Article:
WASHINGTON (JTA) -- Israeli-Palestinian talks were reportedly at an impasse over Israel's insistence on a continued military presence when a dispute over settlements ended them.
Newsweek, quoting negotiators from each side, reported Monday that Israeli Prime Minister Benjamin Netanyahu insisted that the Palestinians accept Israel's "security concept" before discussing any other topic.
It's a cliché in pro-Israel circles that the Palestinian Authority is doing nothing to curb anti-Israel, anti-Semitic incitement, but a story by the always-excellent Janine Zacharia in today's Washington Post tells a more nuanced story.
BUENOS AIRES, Argentina (JTA) -- Argentina has recognized a Palestinian state within the 1967 borders, according to a note sent from President Cristina Fernandez de Kirchner to Mahmoud Abbas.
Kirchner on Monday sent the note to Abbas, the Palestinian Authority president, announcing that her government recognizes Palestine as a free and independent state within 1967 borders and according to what the parties determined during the negotiation process.
JERUSALEM (JTA) – With talks at a stalemate and no agreement from the Israelis to reinstate a settlement freeze, the Palestinians are playing a new card: an end game to statehood through an appeal to the international community.
The card hasn’t actually been played, but the mere threat that the Palestinians would push for international recognition of a state from the United Nations has been enough to push the Israeli government to reconsider options to return to the negotiating table.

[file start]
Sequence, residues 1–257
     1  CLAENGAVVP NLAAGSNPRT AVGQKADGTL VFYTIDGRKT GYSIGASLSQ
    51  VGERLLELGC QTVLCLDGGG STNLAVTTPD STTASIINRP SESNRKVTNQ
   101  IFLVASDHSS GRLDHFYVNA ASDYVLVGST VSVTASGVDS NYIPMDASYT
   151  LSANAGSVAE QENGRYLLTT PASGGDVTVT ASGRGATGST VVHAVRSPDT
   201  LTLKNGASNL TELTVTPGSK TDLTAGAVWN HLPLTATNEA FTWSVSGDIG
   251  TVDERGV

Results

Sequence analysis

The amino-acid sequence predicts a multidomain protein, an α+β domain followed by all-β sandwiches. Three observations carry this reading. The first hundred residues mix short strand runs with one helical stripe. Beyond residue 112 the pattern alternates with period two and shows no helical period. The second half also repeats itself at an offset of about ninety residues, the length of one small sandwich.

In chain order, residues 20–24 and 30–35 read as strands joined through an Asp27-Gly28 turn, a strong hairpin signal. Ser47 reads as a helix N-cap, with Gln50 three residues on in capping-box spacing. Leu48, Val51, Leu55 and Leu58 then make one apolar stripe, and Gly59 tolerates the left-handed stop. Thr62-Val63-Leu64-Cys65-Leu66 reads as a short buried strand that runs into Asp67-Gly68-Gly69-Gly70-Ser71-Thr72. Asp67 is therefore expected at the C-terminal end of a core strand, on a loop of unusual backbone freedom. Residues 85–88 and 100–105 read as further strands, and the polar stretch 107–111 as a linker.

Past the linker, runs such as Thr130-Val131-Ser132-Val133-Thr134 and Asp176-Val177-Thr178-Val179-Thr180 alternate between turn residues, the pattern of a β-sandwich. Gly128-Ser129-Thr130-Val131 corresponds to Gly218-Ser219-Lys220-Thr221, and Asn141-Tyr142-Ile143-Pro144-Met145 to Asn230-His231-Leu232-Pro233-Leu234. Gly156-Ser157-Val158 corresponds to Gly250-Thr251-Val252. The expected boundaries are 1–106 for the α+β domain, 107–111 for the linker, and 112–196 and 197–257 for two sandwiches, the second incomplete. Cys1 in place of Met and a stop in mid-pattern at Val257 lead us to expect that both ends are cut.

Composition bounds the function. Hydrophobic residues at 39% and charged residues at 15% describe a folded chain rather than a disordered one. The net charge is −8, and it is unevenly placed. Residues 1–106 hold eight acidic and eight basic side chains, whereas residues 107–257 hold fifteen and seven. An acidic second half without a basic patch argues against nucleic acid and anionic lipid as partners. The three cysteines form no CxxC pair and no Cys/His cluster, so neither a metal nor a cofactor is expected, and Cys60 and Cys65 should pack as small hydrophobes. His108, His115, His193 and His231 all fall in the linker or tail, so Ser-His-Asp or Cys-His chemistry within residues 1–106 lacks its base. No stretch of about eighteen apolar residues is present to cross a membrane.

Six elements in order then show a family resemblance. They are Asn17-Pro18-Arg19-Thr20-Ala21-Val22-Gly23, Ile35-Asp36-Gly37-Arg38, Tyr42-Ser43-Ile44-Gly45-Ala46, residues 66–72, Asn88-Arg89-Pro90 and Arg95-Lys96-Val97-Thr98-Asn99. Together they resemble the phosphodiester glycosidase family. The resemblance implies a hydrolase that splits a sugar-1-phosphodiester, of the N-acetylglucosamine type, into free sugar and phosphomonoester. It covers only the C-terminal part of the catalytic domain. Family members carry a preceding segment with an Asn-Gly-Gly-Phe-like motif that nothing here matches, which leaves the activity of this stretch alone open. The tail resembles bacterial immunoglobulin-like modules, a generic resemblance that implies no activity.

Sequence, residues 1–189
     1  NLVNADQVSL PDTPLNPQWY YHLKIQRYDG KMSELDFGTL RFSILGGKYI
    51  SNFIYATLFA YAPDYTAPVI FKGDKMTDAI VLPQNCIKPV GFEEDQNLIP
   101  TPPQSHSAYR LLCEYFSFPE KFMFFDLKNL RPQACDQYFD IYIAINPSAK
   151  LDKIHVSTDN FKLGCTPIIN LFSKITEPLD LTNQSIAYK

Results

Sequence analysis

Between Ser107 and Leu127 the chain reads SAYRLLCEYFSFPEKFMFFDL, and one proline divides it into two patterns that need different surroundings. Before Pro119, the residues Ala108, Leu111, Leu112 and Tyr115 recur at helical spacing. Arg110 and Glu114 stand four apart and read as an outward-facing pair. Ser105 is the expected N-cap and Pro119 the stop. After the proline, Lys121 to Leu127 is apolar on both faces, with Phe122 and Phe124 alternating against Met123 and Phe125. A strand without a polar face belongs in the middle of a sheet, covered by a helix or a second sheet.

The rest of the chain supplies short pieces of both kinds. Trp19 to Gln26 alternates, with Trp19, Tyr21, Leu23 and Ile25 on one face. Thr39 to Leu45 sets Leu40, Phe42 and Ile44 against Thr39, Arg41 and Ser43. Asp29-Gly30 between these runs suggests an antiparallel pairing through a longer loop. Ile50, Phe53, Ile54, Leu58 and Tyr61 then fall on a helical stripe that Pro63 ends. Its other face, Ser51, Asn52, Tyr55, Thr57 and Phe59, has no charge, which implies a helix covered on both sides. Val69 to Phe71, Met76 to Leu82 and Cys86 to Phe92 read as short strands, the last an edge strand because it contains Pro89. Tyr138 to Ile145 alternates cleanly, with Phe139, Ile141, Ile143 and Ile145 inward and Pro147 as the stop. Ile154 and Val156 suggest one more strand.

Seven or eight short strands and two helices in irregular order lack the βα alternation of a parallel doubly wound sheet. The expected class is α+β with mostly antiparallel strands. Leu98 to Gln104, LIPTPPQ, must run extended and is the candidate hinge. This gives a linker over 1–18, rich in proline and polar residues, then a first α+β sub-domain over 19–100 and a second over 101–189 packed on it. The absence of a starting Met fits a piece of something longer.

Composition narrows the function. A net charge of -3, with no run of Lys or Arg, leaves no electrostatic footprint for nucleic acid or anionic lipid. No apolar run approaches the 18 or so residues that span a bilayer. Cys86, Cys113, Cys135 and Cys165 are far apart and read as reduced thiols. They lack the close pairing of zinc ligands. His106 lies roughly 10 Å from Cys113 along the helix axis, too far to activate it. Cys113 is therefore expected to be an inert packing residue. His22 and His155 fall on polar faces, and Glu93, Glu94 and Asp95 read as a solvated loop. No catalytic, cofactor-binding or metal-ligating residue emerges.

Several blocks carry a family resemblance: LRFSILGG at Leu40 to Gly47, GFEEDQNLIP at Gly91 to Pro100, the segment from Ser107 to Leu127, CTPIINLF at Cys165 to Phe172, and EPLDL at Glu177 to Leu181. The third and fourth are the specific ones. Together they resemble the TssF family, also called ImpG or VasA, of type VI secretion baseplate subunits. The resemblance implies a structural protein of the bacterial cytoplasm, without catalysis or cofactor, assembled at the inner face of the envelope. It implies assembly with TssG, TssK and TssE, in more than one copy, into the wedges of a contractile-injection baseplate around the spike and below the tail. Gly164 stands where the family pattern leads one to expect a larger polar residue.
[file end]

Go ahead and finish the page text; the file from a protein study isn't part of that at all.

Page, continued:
Palestinian leader Mahmoud Abbas says Palestinian statehood is his number one goal, but he apparently doesn't want it bad enough to accept some kind of compromise on a settlement moratorium that will allow talks – the only route to his goal- to continue.
JERUSALEM (JTA) -- Building began in West Bank communities just hours after the expiration of a 10-month settlement construction freeze.
Work on 50 apartments for people removed five years ago from Gush Katif began Monday morning in Ariel. Construction also continued Monday in Revava, Yakir and Kochav Hashachar, Haaretz reported, on homes for which permits had been issued before the freeze began.
Construction is expected to begin Tuesday in several other West Bank communities including Shavei Shomron, Adam, Oranit, Sha'arei Tikva, Kedumim and Karmei Tzur.
It’s not that unusual for a planned interview to fall through at the last minute.
The three things different about the one that got away from me this week, though, was that it was with Palestinian Authority president Mahmoud Abbas, I didn’t initiate it, and the contact came from a Jewish organization.
The idea was for Abbas, who was coming to New York this week for the UN General Assembly, to improve his image in the American Jewish community, according to Zvika Krieger, senior vice president of the S. Daniel Abraham Center for Mideast Peace, in Washington.
In the minefields of Middle East peace diplomacy, what you see is often not what you get. Over the years both Israeli and Palestinian leaders have become adept at maneuvers that conceal their real goals. The fact is that distinguishing reality from diplomatic and political posturing is difficult in the best of times.